He had also agreed to meet us and Mark had also made contact with the local Police and again we learnt that the Local Supt was also there to meet and greet.
We started to feel like Royalty, hey would they paint the reception areas and cut the grass!
Monday 28th April arrived, Amy was out doing keep fit and Beth had her school meal, the teachers accompany them.
So we were alone and decided to walk down the village, we had a few drinks and ended up having a very pleasant curry.
Back home when Beth arrived very distressed she felt so ill.
We jumped to the rescue and unfortunately Mag went flying sliding on various fluids and a quilt in so doing her old hamstring again.
What a night two patients and I’m off in the morning.
Both girls off sick, Beth had a rough night as unfortunately so did Mags.
On the road for 10.00 having double checked everything and meeting Ga in Queensferry at 1100.
The journey up was refreshingly without incident, a sunny day and fairly quiet roads, the ship was to depart at 1800 and we arrived on the car park at around 1530 so we had plenty of time.
We even went to Tesco and Ga purchased a nice pink coloured flask.
The guys arrived and we went through the loading/unloading thing I took my car to the long term stay car park.
I had only found out the night before that it was going to be £8 per night!
My father had done this trip and mentioned to Ga re the car park facilities although he had omitted to mention the costs.
So if you have any mates in Newcastle it could be an option to save some money and have a shuttle service as although shared the car park fee was more than ½ the price of the ship!
We hadn’t thought to exchange mobile details with Walt in fact the communication links should have been more a lesson learnt.
We boarded and it was our first task to ID Walter, a pink carnation in the lapel or perhaps carrying OP under his left arm might have assisted but a guy walking towards us with Yellow Crocs might give you a clue! The meet and greet took place and we later settled into our cabins, very cosy a cabin for four.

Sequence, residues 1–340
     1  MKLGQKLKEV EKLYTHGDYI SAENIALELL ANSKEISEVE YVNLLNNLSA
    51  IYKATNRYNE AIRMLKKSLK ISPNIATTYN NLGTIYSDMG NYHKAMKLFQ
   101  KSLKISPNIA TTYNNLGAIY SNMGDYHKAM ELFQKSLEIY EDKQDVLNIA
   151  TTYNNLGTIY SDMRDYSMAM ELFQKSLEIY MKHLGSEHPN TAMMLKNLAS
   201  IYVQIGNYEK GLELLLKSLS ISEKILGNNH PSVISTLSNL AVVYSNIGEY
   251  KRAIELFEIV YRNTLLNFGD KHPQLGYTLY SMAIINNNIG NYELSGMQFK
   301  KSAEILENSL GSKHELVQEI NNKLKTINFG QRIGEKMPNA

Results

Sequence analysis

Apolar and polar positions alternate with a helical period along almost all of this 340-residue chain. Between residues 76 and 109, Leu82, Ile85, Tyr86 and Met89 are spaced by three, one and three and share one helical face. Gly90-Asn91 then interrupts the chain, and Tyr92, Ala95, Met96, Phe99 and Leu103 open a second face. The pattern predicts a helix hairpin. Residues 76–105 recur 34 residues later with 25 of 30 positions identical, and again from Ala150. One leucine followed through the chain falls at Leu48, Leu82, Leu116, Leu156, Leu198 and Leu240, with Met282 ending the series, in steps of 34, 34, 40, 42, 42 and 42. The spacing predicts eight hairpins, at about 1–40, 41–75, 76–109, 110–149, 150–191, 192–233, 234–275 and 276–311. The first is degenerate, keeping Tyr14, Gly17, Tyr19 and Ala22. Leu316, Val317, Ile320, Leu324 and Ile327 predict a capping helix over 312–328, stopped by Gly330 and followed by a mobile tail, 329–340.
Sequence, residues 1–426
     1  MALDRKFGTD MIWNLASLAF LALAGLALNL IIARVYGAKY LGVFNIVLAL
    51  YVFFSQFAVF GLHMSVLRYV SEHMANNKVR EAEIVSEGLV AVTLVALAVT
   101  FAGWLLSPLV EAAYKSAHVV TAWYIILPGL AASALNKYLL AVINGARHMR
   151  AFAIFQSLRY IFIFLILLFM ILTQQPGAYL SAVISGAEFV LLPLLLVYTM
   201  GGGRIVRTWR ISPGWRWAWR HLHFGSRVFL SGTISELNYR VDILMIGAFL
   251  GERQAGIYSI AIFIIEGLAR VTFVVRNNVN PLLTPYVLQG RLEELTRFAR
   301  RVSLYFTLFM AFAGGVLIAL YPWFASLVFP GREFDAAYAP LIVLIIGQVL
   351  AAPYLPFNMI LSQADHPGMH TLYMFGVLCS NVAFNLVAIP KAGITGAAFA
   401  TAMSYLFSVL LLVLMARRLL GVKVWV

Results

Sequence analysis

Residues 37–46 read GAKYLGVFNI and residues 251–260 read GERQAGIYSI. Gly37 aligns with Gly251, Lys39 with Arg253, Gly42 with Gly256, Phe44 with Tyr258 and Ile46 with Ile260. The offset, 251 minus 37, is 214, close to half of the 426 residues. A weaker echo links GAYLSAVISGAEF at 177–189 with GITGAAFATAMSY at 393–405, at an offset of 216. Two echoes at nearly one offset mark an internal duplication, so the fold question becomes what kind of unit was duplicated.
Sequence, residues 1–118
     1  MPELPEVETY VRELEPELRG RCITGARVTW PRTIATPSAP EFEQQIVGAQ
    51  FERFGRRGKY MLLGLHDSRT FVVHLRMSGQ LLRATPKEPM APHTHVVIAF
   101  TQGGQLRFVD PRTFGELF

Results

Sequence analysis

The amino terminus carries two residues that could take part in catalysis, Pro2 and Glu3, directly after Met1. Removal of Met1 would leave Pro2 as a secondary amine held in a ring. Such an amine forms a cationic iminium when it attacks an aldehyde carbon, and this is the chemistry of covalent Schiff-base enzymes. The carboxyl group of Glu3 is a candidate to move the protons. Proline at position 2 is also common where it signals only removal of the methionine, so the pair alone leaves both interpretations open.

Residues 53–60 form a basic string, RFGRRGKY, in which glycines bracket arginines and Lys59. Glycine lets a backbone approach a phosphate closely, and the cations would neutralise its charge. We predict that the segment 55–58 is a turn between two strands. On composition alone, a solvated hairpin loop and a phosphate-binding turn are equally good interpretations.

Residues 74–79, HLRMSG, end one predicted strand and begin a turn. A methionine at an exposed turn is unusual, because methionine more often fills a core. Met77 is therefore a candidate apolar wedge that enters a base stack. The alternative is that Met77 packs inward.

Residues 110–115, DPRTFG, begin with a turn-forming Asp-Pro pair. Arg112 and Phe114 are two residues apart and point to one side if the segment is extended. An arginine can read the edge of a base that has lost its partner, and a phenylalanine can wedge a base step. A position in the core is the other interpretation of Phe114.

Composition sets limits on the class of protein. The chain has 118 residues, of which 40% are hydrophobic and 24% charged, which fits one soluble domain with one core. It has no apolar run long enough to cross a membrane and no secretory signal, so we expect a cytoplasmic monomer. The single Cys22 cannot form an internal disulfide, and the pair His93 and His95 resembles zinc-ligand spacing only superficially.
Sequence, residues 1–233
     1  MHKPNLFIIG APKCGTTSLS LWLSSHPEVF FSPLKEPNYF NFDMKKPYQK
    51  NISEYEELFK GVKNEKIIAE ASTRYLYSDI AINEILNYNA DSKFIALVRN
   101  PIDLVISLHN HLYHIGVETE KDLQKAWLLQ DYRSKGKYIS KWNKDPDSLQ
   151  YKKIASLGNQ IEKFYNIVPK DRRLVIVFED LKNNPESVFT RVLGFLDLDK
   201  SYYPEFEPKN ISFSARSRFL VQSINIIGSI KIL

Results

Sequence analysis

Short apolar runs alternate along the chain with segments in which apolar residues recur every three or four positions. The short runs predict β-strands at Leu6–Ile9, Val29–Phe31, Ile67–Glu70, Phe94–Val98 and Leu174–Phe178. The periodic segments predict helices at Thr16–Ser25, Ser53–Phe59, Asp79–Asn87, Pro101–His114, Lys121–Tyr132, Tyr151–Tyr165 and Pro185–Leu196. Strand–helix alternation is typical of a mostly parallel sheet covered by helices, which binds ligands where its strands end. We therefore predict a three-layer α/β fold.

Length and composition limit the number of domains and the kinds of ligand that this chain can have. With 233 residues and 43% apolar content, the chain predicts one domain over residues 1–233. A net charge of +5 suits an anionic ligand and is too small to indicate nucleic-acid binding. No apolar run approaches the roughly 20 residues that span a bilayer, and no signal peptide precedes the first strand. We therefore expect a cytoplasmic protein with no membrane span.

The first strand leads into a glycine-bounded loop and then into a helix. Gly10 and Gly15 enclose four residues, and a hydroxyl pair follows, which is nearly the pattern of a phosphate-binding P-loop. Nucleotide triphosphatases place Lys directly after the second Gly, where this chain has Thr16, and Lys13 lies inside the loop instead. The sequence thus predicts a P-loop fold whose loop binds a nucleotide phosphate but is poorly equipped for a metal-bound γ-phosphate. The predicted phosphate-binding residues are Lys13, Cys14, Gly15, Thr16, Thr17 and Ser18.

We also learnt that Walter had a disaster and his Eckla trolley had a blow out on the dockside.
Fortunately he was able to get the assistance of a Good Samaritan who allowed him to place his kayak onto the rear of his trailer.
How two mortals achieved this I will never know, I’ll cover the weight of Walt’s boat at a later time.
The inner tube had basically blown leaving a large hole and beyond repair.
None of us had a spare tube, pump or repair kits, worth considering if you have planned a load of portage within the trip.
Or you could purchase the trolley from Kaya Wales
http://www.kaya-wales.co.uk/index_files/page0008.htm%20%20%20%20%20%20as Ga had done, this trolley has solid wheels so swings and round about’s.
Another tip for the crossing is to take your own tinnies and other drinks on board, they have an alleged duty free and of course numerous bars but at over £4 for 50cl of lager.
The water appeared drink able from the tap, accommodation basic but satisfactory on suit shower and toilet.
The trip was from 1800 to 1500 so it was a long one.
We went to the restaurant and opted for the £20 buffet, excellent food and value, loads of fish and sea fare, with sections with cooked meats and of course a large hot plate area.
I spent some time sampling various sea foods and by the time we had finished I could not have even managed a wafer thin mint.
Gave the breakfast buffet a miss, again good value at £10, Mark and Ian had the breakfast and we were also rewarded by some well left over’s, thanks lads.
A crossing with some slight swell making walking on board interesting but not difficult, £4 for a small carafe of coffee so again an expensive ship.